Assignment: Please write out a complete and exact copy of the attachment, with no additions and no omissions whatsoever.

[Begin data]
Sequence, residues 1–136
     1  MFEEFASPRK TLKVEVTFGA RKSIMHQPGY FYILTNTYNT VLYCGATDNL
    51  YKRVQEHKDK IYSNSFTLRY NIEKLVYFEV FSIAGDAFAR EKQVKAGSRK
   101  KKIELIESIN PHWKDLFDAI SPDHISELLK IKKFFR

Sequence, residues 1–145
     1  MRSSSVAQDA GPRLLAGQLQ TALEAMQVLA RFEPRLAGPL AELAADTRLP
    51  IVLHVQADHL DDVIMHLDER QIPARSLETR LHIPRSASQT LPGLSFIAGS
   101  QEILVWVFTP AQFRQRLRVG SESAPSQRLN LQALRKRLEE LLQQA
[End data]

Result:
Sequence, residues 1–136
     1  MFEEFASPRK TLKVEVTFGA RKSIMHQPGY FYILTNTYNT VLYCGATDNL
    51  YKRVQEHKDK IYSNSFTLRY NIEKLVYFEV FSIAGDAFAR EKQVKAGSRK
   101  KKIELIESIN PHWKDLFDAI SPDHISELLK IKKFFR

Sequence, residues 1–145
     1  MRSSSVAQDA GPRLLAGQLQ TALEAMQVLA RFEPRLAGPL AELAADTRLP
    51  IVLHVQADHL DDVIMHLDER QIPARSLETR LHIPRSASQT LPGLSFIAGS
   101  QEILVWVFTP AQFRQRLRVG SESAPSQRLN LQALRKRLEE LLQQA